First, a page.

What is the most common cause of knee pain?

The most common cause of pain in the knees is damaged cartilage and thickening of the bone around the cartilage. This disease is called osteoarthritis. The old-fashioned name of this disease is arthrosis. The pain is often accompanied by the feeling of stiffness, especially  during the first movements after inactivity. Sometimes the knees may also crackle (squeak) audibly. The pain as a result of osteoarthritis is present in around 10 out of 100 men and in 13 out of 100 women above 60 years of age. With ageing, more and more people are affected by such discomfort. The signs of joint thickening are observed by examination, while rarely and temporarily the signs of joint inflammation may also be seen.

We distinguish between two primary joint diseases, joint inflammation (arthritis) and a degenerative joint disease (osteoarthritis or arthrosis). The signs of inflammation of a joint are a swelling, pain in the joint which intensifies during inactivity, joint temperature higher than normal, and sometimes redness of skin in the joint area. With osteoarthritis, there are most often no typical indications of inflammation. In osteoarthritis (arthrosis), the joint mostly hurts when being used, while during inactivity the pain subsides, there is no high temperature nor redness above the joint and rarely and transiently the knee may swell or there may be excess liquid in the joint. Even back in the old times, while observing the joints in this disease, doctors noticed that there were no clear signs of the inflammation of joints, but that the joint was painful, suffered damage and degenerated. It was for this reason that this disease was termed a degenerative joint disease, as derived from degeneration (decay, destruction, deterioration, damage, etc.), and they named the disease arthrosis. The name arthrosis served to make a clear distinction of this disease from the joint disease called arthritis, which displays clear signs of inflammation (swelling, joint pain which increases during inactivity, joint temperature higher than normal and sometimes redness of skin in the joint area). Since new studies have shown that inflammation is also present in arthrosis, but that it much less noticeable than in arthritis and thus cannot be observed by an ordinary examination, doctors have decided to use the term osteoarthritis instead of arthrosis. Nowadays both terms are often used to denote this disease (arthrosis, i.e. osteoarthritis), while it is emphasised that degenerative changes (damage, deterioration) are in question.

 

When do degenerative changes in the osteoarticular system start, what accelerates them and what impedes their progress?

Degenerative changes in the joint most frequently begin in middle age and they develop slowly. People usually do not feel any discomfort over years and even decades or they feel mild transient pain or crackling in their joints.  Most often they do not worry about  their temporary discomfort, they attribute them to overusing their joints, they believe the joints will recover completely and they do not consult a doctor. In the fifties and especially in the sixties and later,  the signs of osteoarthritis (most frequently pain and crackling or squeaking in the joints) start to appear more often. Occasionally, with excessive burdening of knees (long walks or unusual overuse through work or carrying load), knees may swell and start to be very painful. It is then that people address a doctor and an experienced doctor can recognise that a temporary inflammation in knee osteoarthritis (arthrosis) is in question.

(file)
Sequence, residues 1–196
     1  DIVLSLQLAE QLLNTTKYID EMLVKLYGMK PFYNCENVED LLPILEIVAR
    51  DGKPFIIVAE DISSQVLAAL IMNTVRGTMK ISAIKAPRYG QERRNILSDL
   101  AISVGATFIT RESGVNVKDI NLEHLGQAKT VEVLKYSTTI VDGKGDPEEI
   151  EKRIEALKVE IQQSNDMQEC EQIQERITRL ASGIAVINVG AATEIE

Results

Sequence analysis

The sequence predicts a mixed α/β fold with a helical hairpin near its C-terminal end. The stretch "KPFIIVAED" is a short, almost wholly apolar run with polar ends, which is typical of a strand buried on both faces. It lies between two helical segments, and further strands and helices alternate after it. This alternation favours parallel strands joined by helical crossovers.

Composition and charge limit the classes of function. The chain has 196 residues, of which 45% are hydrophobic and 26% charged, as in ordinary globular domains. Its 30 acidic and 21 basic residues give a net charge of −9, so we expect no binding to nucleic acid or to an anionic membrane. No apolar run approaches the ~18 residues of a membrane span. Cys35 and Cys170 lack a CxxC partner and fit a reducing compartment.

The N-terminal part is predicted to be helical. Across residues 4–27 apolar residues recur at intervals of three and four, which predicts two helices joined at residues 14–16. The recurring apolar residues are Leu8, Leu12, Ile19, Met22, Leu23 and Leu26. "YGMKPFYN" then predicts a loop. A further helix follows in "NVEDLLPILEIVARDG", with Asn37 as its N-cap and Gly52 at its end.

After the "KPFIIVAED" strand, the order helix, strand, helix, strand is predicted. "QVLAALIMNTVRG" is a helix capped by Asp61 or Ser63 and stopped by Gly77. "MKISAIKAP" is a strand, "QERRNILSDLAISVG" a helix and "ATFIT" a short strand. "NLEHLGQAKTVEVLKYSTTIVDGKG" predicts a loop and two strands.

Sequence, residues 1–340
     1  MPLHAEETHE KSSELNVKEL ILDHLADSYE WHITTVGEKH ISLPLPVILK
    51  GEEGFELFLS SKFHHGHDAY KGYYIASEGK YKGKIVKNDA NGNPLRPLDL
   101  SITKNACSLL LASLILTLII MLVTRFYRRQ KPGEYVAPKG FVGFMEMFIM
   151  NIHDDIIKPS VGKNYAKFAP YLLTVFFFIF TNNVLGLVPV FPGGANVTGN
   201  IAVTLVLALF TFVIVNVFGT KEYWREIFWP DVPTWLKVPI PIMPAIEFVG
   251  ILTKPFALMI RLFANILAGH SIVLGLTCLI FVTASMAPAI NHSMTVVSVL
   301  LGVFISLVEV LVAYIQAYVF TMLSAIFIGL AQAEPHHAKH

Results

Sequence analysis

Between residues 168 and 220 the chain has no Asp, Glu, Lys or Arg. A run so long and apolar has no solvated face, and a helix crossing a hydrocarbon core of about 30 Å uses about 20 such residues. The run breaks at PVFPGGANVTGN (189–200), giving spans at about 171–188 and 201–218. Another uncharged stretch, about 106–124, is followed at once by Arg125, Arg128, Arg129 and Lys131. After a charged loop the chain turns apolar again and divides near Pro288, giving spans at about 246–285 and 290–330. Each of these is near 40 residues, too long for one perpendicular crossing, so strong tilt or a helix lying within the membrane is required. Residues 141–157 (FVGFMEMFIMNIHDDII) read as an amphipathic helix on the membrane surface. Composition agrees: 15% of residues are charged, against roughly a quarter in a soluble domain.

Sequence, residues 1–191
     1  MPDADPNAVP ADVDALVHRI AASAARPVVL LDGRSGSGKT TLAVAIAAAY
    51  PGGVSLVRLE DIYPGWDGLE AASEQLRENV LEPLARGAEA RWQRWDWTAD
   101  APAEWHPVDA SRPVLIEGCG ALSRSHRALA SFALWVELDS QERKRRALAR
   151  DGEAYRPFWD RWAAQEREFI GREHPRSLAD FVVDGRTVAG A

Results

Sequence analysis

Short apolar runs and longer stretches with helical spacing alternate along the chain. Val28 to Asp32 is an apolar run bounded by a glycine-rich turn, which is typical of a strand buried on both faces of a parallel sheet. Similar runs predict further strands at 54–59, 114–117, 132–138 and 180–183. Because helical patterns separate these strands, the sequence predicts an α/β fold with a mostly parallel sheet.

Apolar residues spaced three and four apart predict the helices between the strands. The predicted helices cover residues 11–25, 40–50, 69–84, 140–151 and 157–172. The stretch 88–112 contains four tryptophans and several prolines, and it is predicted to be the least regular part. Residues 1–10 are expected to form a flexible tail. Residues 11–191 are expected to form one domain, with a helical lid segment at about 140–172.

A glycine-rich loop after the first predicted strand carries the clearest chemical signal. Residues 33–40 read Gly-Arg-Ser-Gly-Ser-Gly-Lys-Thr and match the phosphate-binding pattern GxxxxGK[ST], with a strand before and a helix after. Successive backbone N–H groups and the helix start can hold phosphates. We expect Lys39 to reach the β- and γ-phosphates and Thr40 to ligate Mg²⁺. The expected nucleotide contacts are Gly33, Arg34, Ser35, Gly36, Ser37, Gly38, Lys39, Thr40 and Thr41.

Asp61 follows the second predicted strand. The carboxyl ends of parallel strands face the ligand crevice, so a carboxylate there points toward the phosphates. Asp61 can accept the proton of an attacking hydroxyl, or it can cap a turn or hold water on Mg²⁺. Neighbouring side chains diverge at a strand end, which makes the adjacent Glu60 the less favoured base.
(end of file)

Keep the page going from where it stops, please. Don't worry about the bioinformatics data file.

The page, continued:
Osteoarthritis may develop rapidly with persons who have previously suffered a knee injury (sports injuries, work injuries, excessive use of the joint, road traffic injuries, etc. ), with persons who have arthritis which affects the knees (rheumatoid arthritis, psoriatic arthritis, gout and other types of arthritis). More rapid development of osteoarthritis is also observed in persons who are overweight (body mass index over 25), whose blood relatives (mother, father, grandmothers, grandfathers, sisters, brothers) have osteoarthritis or whose knee joints are placed under a large amount of stress as a result of irregularities (so called knock knees or bow legs). What can contribute to more rapid development of osteoarthritis are various other diseases (severe metabolic disorders, diabetes, thyroid diseases, excessive mobility of the joints, etc.) as well as bad habits (smoking accelerates the development of osteoarthritis). Insufficient physical activity and weak muscles may also contribute to the development of osteoarthritis.

 

How can knee osteoarthritis be detected early?

The problems which are the sign of osteoarthritis are pain in one or both knees which is not linked to an injury, pain which intensifies with the burdening of the knee (carrying load, ascending or descending the stairs, pain felt during a sporting activity, etc.) and which is accompanied by short-term morning stiffness in the knee, which disappears after the several first movements or after a few minutes.